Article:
Enter the characters minecraft awesome house see below Sorry, we just need to make sure you’re not a robot. Enter the characters you see below Sorry, we just need to make sure you’re not a robot.
About: I work at instructables by day, and turn into a stitch witch by night. I normally play the Feed The Beast version with the boy, but we went back to vanilla Minecraft recently to try it out since it has loads of new updates! One of my first vanilla projects was to make a pretty medieval style house — I’ve always wanted one. Once I started building it I realized it was also the perfect size for everything I needed. Years ago when I first started playing, I’d either use a town as a base or build multiple structures to house everything but this house solves all those problems.
NOW IT’S ALL IN ONE PLACE AND SEXY AS ALL GET OUT. I’ve got another version of this medieval house on the survival world the boy and I have been playing — it took maybe a day to build in survival. I really suggest doing this one in creative — it took only two hours that way! If you’ve got an older computer that has a hard time with 64x, I highly recommend Dokucraft — it comes in lots of flavors and it’s gorgeous even at 16x and 32x. Here are the blocks I used for this house, broken up by area — just to give you an idea of all the things you need to gather if you build it in survival.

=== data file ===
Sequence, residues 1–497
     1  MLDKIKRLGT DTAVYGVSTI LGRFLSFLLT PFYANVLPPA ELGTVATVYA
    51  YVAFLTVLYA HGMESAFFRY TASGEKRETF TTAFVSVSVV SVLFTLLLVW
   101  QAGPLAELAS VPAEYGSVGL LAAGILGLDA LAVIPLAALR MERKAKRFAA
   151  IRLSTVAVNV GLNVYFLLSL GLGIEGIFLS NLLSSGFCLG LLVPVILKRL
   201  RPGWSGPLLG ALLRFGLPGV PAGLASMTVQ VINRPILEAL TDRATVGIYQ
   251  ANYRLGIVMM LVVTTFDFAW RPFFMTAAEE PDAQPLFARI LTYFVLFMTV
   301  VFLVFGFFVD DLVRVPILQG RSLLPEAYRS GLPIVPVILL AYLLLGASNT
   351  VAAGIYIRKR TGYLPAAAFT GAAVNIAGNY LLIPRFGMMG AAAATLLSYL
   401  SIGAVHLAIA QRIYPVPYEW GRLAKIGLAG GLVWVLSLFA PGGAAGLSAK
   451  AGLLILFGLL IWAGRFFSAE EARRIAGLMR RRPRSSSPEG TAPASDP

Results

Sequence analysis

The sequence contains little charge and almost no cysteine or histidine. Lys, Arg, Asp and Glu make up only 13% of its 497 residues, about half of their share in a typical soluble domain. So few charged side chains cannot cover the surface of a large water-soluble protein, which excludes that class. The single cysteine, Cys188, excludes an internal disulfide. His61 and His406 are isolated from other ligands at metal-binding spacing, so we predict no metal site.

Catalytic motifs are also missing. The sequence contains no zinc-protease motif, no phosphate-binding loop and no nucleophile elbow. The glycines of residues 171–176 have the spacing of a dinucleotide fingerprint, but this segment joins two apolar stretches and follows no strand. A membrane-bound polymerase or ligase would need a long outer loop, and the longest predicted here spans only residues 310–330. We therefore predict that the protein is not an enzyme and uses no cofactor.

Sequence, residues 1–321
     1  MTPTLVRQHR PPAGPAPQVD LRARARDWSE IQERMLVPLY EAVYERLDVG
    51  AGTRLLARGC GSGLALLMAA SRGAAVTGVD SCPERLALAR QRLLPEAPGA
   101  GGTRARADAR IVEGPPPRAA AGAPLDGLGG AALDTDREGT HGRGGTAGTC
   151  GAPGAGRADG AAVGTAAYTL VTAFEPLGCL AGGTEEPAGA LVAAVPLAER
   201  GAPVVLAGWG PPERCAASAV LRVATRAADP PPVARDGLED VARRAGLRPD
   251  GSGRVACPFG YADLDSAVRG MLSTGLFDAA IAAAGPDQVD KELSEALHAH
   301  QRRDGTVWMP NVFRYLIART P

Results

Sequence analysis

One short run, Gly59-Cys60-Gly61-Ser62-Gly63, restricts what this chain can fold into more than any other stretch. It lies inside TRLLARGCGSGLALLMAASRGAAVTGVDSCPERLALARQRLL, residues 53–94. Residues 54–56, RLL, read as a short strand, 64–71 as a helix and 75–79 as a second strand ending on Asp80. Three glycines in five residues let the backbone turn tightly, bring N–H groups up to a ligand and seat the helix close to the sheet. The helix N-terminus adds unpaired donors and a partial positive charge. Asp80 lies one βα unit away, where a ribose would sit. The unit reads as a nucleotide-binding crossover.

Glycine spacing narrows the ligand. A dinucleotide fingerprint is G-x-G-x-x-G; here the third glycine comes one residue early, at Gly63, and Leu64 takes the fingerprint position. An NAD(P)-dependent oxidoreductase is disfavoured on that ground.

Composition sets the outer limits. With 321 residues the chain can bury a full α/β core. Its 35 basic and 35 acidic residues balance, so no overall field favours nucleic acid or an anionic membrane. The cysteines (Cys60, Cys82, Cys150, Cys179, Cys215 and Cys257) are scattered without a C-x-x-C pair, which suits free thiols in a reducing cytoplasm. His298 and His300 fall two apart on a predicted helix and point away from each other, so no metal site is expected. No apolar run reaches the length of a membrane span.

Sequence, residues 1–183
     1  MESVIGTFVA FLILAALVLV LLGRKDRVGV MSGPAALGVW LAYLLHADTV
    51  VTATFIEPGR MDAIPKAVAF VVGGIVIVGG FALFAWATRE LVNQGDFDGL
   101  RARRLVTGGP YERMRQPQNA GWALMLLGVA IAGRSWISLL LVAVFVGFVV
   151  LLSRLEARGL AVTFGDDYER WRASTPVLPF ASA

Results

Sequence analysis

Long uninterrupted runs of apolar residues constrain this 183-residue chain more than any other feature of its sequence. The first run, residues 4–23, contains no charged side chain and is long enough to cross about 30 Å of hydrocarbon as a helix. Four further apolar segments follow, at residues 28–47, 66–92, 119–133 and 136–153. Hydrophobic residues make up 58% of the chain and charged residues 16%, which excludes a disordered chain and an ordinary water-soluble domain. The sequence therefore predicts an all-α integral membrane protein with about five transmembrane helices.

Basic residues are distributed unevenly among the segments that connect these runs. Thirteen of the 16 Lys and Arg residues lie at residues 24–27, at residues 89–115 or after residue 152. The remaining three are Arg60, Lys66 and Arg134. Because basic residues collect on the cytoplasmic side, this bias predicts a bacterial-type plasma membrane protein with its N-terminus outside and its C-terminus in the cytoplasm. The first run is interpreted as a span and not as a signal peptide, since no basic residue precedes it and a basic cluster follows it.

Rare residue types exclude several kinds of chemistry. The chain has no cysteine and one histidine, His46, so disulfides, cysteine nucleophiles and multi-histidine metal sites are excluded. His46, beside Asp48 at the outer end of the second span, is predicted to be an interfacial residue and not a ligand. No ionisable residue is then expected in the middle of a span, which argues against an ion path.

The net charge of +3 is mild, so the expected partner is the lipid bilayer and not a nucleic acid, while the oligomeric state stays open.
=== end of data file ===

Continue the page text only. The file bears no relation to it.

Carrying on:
The bottom bit of your house is going to cover a 9×13 block area, with additional landscaping outside. I would say a 15×20 block of land should be good! It’s best if you place it in an area where you can dig down easily — we’ll build an awesome basement with mine access under the house! Oak trunks are used for the supports — stack them 5 high and then connect them so the frame is 7 wide and 11 long. Once the frame is built, fill it out with cobblestone as shown in the second photo.
Two windows on the back — two on each side, room for a door in the middle of the front. Now place four more trunk blocks in the middle of each side so they’re level with the corners. Build the roof frame by creating four more layers of support above the second floor. Use the photos as a guide — each level is two blocks high. Repeat this pattern on both ends of the house. At this point, I like to add in the flooring. I also added a staircase using stone brick stairs.
You can see the correct placement in the photos! I dug one block down on the main floor and replaced the dirt with the planks for that floor. The second floor just has birch planks laid into the second floor frame. Now place a line of oak trunks on either side — this will be the bottom of the inside wall and provide support for the roof. Place acacia planks as shown in the photos to get the roof ready for building. Bring the plank and stairs out one block, and then add an upside down stair to the bottom of the each of the blocks.